Compounding this is a loss of 6 Gwatts of old nuclear this decade and 4 Gwatts of coal by 2025 I think. This is a significant proportion of our grid capacity.

      • MikeHig permalink
        April 3, 2021 12:31 pm

        “extra demand which is what evs are is met by extra fossil fuel generation.”

        Spot on!
        This point needs to be made as loudly and often as possible. It is especially relevant in the context of emissions comparisons between EV and ICE cars. The EV advocates use the grid average or even claim 100% renewable from their tariff. It is a very steep uphill struggle to get them to even consider the reality that their demand is incremental and will be met by the least CO2-efficient source.

        It would a big help if there was something like the Gridwatch plots which also showed the CO2 output for the power generation at that moment, in both cumulative terms and as an overall average.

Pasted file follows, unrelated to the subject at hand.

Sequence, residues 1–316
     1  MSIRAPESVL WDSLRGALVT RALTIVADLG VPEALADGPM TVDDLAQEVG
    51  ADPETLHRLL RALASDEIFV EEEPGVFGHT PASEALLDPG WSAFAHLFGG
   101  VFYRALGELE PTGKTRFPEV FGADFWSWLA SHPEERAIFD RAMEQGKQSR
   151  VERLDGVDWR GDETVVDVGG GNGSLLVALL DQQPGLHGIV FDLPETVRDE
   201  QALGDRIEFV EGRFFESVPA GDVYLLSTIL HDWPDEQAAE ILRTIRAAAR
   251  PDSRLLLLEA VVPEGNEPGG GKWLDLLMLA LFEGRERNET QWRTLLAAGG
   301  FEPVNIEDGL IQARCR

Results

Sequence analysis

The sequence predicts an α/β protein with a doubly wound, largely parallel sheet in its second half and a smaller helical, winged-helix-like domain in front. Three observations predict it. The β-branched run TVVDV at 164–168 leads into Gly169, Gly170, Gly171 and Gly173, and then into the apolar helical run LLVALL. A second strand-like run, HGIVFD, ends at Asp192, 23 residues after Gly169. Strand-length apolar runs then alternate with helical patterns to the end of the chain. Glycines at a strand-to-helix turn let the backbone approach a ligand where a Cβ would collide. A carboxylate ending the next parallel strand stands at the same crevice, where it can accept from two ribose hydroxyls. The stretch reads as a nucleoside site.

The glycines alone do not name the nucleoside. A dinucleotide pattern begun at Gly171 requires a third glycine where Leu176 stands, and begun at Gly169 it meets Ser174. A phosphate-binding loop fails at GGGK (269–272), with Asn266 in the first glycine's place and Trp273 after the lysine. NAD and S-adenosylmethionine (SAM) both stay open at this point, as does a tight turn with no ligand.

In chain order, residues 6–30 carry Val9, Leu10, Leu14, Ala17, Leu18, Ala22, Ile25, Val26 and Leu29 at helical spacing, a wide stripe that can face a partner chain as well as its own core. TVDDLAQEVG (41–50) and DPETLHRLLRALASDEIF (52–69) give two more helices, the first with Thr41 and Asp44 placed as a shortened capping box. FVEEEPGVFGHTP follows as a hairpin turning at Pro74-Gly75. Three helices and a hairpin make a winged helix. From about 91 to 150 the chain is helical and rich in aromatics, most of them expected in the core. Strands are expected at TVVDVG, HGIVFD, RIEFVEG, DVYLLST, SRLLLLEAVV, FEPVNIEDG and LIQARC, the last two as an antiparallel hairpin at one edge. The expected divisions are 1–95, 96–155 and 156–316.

That would show very clearly that, whenever demand exceeds the output of nuclear + renewables (nearly all the time), CO2 emissions rise proportionally.

        Btw, the remaining 2 coal stations are due to close before 2025: one this September and the other in September 2021.
        As you say, all of the old nukes will be shut by 2030, mitigated in part by the start-up of Hinckley C in 2026/7 – hopefully – and some new gas capacity which is under construction but I don’t have any details.
        Then there’s a lot of hype about the interconnectors but they have a max capacity of 5 GW. While that is due to increase, it won’t be enough to fill the potential shortfall.